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Cancer Patient Won’t Receive $289 Million Awarded In Weed Killer Lawsuit, Judge Rules

A San Franciso judge decided that Dewayne Johnson deserves less money. 

A Northern California man will receive substantially less than the $289 million that he won in a lawsuit against Monsanto chemicals after the judge decided that the jury gave him too much money. In a ruling handed down Monday (Oct. 22), San Francisco Superior Court Judge Suzanne Bolanos left DeWayne Johnson with less than half of the amount that he was originally awarded over the summer.

According to CNN, Judge Bolanos “constitutionally reduced to the maximum allowed by due process” on grounds that there was “no clear and convincing evidence” to prove malicious intent on Monsanto’s part. Bolano’s lowered the punitive damages from more than $200 million to just over $39 million, bringing Johnson’s total amount to around $80 million (which includes $39 million for lost wages). The judge also denied the company’s request to have the case tossed.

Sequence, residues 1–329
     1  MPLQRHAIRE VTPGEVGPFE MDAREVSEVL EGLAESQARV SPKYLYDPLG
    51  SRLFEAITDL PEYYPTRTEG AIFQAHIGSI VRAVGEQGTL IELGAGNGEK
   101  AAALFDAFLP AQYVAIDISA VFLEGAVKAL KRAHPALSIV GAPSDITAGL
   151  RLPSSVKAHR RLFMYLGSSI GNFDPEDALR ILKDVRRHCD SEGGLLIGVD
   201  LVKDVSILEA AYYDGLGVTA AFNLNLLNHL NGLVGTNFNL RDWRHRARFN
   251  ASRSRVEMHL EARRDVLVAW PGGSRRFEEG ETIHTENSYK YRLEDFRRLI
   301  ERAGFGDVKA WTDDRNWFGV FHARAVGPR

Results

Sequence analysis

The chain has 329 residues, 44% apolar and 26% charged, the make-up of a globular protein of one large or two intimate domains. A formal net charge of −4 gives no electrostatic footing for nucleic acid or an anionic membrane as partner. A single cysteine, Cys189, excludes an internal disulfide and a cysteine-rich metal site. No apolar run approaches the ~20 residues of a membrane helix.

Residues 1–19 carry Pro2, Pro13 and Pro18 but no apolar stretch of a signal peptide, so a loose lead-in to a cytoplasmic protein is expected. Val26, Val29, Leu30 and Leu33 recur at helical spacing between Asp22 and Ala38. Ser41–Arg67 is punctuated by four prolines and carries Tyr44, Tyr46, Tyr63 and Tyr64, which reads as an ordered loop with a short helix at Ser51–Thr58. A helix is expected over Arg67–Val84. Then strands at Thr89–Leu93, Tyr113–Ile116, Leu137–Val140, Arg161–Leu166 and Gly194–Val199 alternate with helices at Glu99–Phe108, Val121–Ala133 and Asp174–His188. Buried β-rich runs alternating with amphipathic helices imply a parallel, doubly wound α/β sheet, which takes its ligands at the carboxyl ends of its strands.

Johnson, who worked as a school groundskeeper in San Francisco, was diagnosed with non-Hodgkin’s lymphoma after repeatedly using Roundup weed killer at work. He is one of the thousands of other users who has lodged similar claims against the company, which has been accused of "bullying scientist" and manipulating data to hide the herbicide’s carcinogenic properties.

Monsanto, which is owned by German pharmaceuticals giant Bayer, denies that Roundup causes cancer. “When we are faced with these kind of questions we only have really one solution, and that is to rely on expert interpretation of the existing scientific data,”